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Thoughts on Leadership, Feminism, and Theatrical Process by Heidi Malazdrewich

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This is an article we found on Got Your Back, a website started by Martha Burns and Thalia Gonzalez as a vehicle for female identifying artists in Canada to share resources. Heidi Malazdrewich is a Winnipeg-based theatre director who is currently a first year PhD student in the department of English, Theatre, Film and Media at the University of Manitoba.  She also happens to be the niece of our Dramaturg Kathleen Flaherty.

 

I have been a theatre director for some time now. I have had opportunities to work in wonderful theatre centres, big and small. I recognize that I am a bit of a rarity in my field – a woman in her thirties who has directed in big theatres. This has been a frustration for me and it has also left me feeling vulnerable at times.  And, of course, I have received a lot of advice over the years about how to appear more director-like (I assume this means more in control, more alpha, more leader-like). Some of these tips have included, but are not limited to: dropping my vocal pitch down, wearing pants (I went through a floral dress period), and not asking as many questions of my collaborators.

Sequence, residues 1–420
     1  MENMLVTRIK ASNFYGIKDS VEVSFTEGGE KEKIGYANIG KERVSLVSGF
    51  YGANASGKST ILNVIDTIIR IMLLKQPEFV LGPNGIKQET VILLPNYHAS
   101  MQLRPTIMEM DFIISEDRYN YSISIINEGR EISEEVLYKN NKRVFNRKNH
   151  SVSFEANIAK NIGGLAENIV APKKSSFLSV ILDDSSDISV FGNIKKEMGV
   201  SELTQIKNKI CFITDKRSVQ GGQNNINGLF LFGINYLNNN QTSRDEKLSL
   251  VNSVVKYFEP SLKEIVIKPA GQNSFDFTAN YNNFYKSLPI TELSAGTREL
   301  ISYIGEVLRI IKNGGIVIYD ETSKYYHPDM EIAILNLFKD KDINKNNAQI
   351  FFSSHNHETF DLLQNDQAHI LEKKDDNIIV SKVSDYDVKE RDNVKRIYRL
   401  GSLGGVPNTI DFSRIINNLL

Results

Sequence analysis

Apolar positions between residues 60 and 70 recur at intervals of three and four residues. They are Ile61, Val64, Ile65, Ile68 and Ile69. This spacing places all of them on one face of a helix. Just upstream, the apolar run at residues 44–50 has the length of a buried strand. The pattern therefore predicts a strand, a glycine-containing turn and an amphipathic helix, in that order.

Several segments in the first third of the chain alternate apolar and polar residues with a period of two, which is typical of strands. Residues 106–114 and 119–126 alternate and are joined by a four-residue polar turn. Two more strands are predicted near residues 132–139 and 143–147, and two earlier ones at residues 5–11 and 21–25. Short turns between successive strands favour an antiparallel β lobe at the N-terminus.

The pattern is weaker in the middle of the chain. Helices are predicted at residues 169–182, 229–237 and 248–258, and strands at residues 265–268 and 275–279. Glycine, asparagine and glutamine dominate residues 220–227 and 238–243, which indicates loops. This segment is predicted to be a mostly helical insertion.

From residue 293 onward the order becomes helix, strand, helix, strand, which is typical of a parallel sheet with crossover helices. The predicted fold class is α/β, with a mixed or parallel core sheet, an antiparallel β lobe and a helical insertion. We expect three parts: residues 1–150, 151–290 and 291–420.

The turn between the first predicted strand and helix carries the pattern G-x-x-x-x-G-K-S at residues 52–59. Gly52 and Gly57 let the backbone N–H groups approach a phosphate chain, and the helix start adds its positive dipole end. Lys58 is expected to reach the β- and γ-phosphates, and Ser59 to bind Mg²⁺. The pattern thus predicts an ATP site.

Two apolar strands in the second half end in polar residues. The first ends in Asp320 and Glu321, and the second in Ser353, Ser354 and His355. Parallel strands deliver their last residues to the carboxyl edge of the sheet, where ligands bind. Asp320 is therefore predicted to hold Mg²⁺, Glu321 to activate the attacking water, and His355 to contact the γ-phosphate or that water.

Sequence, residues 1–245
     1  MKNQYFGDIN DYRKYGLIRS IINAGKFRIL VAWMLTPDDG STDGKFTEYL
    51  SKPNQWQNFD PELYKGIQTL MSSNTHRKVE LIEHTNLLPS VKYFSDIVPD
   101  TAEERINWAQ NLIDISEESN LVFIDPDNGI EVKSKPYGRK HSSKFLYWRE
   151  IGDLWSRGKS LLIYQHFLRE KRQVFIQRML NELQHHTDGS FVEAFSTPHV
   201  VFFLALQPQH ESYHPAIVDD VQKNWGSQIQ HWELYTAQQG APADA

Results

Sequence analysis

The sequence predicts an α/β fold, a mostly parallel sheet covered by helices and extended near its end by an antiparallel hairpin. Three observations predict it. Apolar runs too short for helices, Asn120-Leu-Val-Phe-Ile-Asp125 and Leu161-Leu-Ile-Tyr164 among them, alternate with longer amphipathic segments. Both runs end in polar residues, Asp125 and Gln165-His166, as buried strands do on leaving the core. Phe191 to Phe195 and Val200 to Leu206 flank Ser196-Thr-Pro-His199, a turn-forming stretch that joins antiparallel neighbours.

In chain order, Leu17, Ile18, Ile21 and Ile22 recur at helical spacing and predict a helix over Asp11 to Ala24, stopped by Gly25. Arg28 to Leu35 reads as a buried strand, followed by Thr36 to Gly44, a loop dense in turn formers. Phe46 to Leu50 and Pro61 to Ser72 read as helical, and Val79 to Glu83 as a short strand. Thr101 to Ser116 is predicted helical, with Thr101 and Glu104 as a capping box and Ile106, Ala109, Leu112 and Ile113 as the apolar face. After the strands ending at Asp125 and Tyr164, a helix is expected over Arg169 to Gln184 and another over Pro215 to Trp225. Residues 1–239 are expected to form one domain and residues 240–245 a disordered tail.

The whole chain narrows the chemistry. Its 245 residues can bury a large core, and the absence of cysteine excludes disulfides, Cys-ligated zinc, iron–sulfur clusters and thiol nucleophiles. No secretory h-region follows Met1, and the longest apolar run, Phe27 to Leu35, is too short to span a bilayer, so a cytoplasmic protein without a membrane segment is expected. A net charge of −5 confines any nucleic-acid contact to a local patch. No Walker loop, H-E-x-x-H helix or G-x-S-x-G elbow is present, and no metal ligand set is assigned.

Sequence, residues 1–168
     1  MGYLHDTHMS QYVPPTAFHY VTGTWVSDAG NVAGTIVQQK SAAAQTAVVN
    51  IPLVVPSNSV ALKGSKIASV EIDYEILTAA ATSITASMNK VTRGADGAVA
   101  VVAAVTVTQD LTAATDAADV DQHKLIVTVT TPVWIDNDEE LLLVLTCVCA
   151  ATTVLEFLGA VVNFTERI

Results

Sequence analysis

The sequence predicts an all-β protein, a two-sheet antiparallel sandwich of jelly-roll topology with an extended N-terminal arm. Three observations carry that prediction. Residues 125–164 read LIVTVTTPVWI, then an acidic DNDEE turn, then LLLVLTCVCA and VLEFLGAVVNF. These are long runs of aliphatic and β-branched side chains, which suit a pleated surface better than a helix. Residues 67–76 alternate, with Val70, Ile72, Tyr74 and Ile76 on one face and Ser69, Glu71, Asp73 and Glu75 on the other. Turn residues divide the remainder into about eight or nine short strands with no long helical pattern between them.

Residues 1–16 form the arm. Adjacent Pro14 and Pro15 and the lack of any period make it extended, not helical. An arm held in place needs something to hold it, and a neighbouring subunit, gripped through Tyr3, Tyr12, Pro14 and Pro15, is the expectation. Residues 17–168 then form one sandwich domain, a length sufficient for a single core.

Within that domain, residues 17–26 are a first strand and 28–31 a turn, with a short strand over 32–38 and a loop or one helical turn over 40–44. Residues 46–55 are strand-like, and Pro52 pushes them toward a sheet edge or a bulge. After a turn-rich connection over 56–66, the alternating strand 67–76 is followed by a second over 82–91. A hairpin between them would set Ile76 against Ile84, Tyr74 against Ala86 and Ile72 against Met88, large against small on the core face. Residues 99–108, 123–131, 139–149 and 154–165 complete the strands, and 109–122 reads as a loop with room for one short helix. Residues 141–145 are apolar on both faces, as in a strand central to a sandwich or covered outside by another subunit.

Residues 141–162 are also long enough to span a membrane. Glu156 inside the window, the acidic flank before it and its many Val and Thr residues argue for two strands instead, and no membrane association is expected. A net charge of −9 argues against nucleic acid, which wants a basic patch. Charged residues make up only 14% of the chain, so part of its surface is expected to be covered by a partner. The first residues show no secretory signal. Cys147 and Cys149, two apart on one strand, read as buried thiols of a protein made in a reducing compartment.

When talking and thinking about leadership, I have found myself consistently trying to define what a good leader looks like in the context of the performing arts.